When forbidden sexuality meets immutable religious tradition

(RNS) Multiple reports reveal that the profile of Pulse nightclub shooter Omar Mateen was found on gay dating apps, that he had tried dating men, and had previously dated the Orlando club where he had massacred so many on Sunday (June 12).

If this is true, it matters a lot.

It could shift the motivation for Mateen’s horrific act to a very different and psychologically more complex place where a man’s inability to come to terms with his sexuality claimed the lives of 49 other people – and then cost him his life. his.

This could end up making the motivation for the horrific Orlando massacre look like: I want you. God says I can’t want you. So I have to kill you.

And that opens up the broader question of the serious mental health issues facing young people who discover, against the harsh teachings of their religious traditions, that they are attracted to members of the same sex.

This intersection of religious authority and forbidden sexuality is very dangerous and must be navigated by all those raised in religions which reject same-sex attraction and relationships. It is a problem in several religions, including Judaism, Christianity and Islam, and leaders of all religious traditions face the urgent responsibility to resolve it.

As a privileged married heterosexual and evangelical Christian ethicist, I finally realized a few years ago how terrible this problem is for LGBT Christians and engaged in a process of reconsideration. This led me to a posture of solidarity and prompted me to open up my traditionalist sexual ethics of married life to include same-sex and lesbian unions. This was viewed as a big mistake by some of my fellow believers. But many LGBT people and their families were desperately grateful. It offered at least a way out of the deadlock between traditional religion and sexuality.

Look at it this way. When a young person with a strict religious education discovers the powerful force of his own sexuality, it is quite scary. But if that sexual interest is directed at people of the approved sex, the religious authorities have at least one slightly heartwarming answer: You and your sexuality are normal, but you have to wait until you are married to have sex. It is difficult, but it is doable. Pat on the back and off you go.

But for young lesbians, gays and bisexuals, the answer is very different: you are not normal. Your sexuality is only a sin, a rejection of God himself. You must repent and change. You can never act on these sexual attractions. How long do you have to wait to have sex or romance with someone you really want? Forever. You can never, ever do it, or you will incur the wrath of God.

These responses come from all recognized and trusted authorities in the youth world – first parents, then also teachers and religious leaders, and finally most friends of the church, synagogue or mosque. . Often the responses are accompanied by the most severe, sometimes the most cruel, verbal, emotional and even physical violence. Even the very shy statement that a young person can feel same-sex attractions can blow up religious parents and pastors. At best, relationships survive, but a person’s sexuality is rejected by those whose approval matters most.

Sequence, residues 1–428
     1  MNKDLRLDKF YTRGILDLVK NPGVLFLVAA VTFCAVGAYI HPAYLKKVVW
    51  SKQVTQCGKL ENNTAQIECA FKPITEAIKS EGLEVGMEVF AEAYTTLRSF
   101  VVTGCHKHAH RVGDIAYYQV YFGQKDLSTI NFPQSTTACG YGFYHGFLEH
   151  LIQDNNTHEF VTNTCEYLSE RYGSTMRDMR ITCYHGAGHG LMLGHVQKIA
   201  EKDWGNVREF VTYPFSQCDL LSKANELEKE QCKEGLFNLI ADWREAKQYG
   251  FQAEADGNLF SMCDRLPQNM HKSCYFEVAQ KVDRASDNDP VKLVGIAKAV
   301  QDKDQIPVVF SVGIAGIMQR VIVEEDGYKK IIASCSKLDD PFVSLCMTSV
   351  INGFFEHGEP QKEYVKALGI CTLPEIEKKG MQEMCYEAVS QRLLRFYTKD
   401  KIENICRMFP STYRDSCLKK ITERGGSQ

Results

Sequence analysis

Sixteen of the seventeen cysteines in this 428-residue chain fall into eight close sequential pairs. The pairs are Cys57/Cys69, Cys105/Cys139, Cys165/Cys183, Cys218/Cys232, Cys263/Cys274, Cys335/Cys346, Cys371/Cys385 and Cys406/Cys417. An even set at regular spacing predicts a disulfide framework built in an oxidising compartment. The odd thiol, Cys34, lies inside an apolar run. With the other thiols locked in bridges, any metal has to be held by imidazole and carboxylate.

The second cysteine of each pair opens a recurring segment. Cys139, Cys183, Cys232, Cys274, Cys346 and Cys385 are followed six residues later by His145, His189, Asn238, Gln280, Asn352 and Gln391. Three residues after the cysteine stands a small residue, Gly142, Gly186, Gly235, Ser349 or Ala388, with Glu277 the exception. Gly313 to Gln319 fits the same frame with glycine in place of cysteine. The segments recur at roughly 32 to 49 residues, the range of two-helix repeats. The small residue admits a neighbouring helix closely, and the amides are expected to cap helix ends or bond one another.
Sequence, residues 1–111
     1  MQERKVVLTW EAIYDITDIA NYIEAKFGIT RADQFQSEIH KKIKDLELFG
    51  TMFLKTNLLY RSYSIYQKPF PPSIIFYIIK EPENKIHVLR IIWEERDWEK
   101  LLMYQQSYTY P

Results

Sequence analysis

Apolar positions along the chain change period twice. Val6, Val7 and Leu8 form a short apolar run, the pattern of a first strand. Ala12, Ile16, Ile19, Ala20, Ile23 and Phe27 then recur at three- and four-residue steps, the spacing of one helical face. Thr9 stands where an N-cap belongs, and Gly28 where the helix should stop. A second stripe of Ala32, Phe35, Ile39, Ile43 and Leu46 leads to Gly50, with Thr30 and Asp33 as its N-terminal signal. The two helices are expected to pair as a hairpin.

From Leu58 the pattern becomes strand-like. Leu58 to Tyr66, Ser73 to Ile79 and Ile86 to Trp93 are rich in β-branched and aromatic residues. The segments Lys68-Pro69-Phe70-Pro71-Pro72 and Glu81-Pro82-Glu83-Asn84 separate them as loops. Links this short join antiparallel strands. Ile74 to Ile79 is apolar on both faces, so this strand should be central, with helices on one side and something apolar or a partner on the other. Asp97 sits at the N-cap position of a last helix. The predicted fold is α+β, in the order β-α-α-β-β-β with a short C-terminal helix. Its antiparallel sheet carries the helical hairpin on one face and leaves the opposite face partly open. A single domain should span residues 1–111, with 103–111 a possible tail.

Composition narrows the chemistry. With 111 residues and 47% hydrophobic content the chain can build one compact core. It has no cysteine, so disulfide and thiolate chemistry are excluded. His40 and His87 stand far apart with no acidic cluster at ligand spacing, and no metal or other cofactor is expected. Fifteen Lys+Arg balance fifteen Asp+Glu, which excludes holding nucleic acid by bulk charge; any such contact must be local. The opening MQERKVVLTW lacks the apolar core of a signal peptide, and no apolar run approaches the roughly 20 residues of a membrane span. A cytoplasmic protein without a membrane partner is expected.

So when the overwhelming force of a forbidden sexual orientation collides with the unchanging object of an ancient religious tradition, what is the affected person supposed to do?

A large number of young adults end up abandoning their religious traditions as dangerous to their health. Some are in gay nightclubs early on Sunday mornings because they’re welcome there – and wouldn’t be welcome at church eight hours later.

Others spend years trying to conform their desires and behaviors to options prescribed by religion, such as celibacy or heterosexual marriage, remaining in their religion at the cost of the cauterization of their gender identity.

Some ping pongs go back and forth between these options, both of which they find scary and neither of them can sustain.

Others end up finding peace by creating or discovering a version of their faith that can accommodate the sexuality they have, rather than the sexuality that tradition requires them to have. They find a place where they no longer have to choose. This is usually a very long and difficult process.

And it may be that a particularly troubled young man “solved” his problem over the weekend with a mass murder.

So, to American Orthodox religious leaders, I ask again:

Is the constant, acute, and completely predictable psychological distress caused to these young adults by your understanding of God’s moral rules a relevant consideration for your teaching and pastoral care?

In light of this suffering and what is now known about human sexuality, do you still believe that this is what the God you are trying to serve really demands?

Could it be that some aspect of your understanding of sexual ethics is revisable rather than God’s eternal will?

Which of you will take the risks to engage in a serious conversation about these issues in your faith community on behalf of your own most vulnerable young people?

(David Gushee is Distinguished Professor of Christian Ethics and Director of the Center for Theology and Public Life at Mercer University. He is a columnist at RNS)